You are Away against a much stronger opponent (match odds heavily against you) - then expect an Attacking opponent.

 

As mentioned, this is an assumption on my part, a sort of 'guide line base'. Knowing how to combat these type of opponents is always helpful, keep in mind though that even when you get things right, you can't always expect to get the result either. In my experience, this tactical strategy knowledge and planning can help you acheive generally good results. But here is where FM 2018 has a little advancement on the tactical strategy aspect in the game. If you combine the Scout report, analysis, team depth, tactical advice, match odds and maybe knowledge of your opponent then you get a much better view on how your opponent could be playing against you and what possibilities you have to combat them. This helps in decision making in regards to strategy and helps you spot the times where your opponent springs a tactical surprises that doesn't fit into the 'guide line base' mentioned above. You might experience this frequently or rarely and it might be slight surprises or really big ones, depends on all the circumstances surrounding your team, the opponent team and possible other events. Your opponent might have reasons for tactical attempts, especially late in the season where a lot could be at stake and someone needs to force a result (have it all to lose or have nothing to lose).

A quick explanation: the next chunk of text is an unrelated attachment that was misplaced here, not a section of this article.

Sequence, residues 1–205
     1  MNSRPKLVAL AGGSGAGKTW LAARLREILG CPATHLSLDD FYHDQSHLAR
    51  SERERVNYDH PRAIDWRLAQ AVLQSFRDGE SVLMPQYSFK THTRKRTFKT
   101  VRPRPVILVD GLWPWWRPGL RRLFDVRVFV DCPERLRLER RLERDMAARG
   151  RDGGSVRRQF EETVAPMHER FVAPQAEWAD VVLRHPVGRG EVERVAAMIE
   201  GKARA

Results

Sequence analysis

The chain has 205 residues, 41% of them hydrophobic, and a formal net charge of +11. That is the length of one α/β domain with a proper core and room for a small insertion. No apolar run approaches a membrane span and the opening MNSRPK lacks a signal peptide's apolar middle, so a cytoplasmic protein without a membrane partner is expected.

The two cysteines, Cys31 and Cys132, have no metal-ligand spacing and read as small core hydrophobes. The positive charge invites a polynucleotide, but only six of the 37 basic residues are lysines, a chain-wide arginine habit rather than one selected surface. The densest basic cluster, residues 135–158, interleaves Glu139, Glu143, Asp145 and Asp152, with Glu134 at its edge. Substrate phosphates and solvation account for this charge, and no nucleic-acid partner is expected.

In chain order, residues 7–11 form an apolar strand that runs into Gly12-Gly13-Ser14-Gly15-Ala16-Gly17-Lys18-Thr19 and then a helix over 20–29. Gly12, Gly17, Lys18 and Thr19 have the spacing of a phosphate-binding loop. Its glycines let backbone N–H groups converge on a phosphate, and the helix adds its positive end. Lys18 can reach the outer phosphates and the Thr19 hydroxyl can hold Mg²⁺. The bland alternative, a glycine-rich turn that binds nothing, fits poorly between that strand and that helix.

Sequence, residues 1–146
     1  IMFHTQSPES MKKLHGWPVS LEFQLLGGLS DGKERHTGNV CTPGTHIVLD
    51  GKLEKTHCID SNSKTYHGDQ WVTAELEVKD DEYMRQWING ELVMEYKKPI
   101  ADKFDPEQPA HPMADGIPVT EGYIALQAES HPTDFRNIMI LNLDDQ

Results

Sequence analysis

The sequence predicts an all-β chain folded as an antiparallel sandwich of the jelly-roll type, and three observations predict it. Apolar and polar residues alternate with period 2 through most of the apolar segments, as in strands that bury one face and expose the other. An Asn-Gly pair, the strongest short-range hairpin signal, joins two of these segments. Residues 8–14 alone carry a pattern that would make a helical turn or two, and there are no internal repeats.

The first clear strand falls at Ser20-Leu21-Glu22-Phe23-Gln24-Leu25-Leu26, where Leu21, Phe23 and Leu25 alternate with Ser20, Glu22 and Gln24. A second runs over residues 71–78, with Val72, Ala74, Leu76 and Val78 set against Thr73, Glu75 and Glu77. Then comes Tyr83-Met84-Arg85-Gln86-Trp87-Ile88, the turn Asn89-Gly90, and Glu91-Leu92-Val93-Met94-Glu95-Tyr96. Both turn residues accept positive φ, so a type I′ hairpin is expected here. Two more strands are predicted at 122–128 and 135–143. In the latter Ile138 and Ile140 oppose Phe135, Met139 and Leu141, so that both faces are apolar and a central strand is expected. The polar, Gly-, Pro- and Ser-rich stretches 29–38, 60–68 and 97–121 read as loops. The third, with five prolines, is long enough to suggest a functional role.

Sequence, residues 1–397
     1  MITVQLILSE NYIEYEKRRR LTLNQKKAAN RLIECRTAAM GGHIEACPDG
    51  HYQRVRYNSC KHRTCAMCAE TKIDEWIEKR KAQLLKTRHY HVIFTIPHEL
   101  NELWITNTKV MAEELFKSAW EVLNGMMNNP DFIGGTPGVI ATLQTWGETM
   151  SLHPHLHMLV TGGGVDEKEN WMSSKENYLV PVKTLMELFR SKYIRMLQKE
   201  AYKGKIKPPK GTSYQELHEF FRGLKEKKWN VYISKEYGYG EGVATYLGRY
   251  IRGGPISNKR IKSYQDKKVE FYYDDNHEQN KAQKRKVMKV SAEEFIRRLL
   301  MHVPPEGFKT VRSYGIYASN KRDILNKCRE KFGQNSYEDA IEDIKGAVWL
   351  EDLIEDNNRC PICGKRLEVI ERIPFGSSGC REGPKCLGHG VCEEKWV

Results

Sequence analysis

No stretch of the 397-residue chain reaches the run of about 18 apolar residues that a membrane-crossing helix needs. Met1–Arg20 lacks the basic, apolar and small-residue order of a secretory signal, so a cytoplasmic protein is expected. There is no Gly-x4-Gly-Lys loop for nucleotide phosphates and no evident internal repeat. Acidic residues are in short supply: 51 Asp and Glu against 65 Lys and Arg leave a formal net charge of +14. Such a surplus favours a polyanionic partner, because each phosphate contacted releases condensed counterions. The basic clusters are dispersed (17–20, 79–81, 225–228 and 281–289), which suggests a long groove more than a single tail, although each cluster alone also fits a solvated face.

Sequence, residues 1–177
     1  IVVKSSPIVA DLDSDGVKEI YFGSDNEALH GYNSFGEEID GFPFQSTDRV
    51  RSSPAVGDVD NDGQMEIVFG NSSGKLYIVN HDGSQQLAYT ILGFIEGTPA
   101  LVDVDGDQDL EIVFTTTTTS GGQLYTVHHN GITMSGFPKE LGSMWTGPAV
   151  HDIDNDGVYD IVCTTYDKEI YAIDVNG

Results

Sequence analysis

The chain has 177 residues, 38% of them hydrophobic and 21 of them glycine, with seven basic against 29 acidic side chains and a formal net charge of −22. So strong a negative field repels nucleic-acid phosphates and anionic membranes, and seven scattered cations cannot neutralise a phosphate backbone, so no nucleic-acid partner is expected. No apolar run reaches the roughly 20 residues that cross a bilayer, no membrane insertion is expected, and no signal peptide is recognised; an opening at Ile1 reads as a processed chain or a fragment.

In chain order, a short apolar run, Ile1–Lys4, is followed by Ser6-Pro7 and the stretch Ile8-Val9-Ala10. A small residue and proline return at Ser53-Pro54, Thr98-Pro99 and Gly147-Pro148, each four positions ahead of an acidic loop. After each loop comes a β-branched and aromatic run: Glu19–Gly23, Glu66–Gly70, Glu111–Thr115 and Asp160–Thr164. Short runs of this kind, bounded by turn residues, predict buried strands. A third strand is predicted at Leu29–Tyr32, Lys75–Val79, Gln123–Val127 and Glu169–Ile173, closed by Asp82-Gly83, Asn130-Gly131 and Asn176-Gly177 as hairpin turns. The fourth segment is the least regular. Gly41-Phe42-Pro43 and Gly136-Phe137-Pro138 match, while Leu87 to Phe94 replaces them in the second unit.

League position rivals with larger reputations & possibly better quality players might try to set you up to make tactical blunders. As an example, the opponent is Home against your team and are very large favorites but have, according to the Scout Report, decided to play a Standard strategy against you. This falls out of the 'norm' I use and forces me to think outside of the box. What the opponent could be attempting is to hope I go for the defensive strategy, then by sitting wide structually (Play Wider + more Structured Team Shape) they hope to create space for themselves. This can give them more time on the ball to wait for the more advanced placed players to position themselves in those dangerous areas. By sitting slightly further back gives them also the possibility that one or more of your players move further away from their zones (to close someone down for example) thus leaving vunerable holes in the defense. If you are playing Defend strategy against an Attacking opponent then Mentality-wise you are effectively placing your players closer to the opponent's player positions, this can make the tactic better, or 'more sound', for the match circumstances and should hopefully hinder your players having to wonder too far from the teams structual position to close down an opponent. Here I might attempt the Counter strategy to bring my players, for one, closer to my opponent to be more effective and eventually stop them from having too much time on the ball. And, for two, try to exploit that my opponent not trying to pin me down giving my team space to maneuver. This is just one of the tactical strategy choices you kind of learn along the way - it doesn't necessarily pay off everytime, but again, I am always looking for viable options, this is a tough situation regardless. Bad tactical choices can get you a result and good tactical choices can end in loss - but knowing if your team is in the game or not (match stats and highlights are good indicators) should help in understanding what viable options you eventually have. Gratefully, this game is not all about one match so...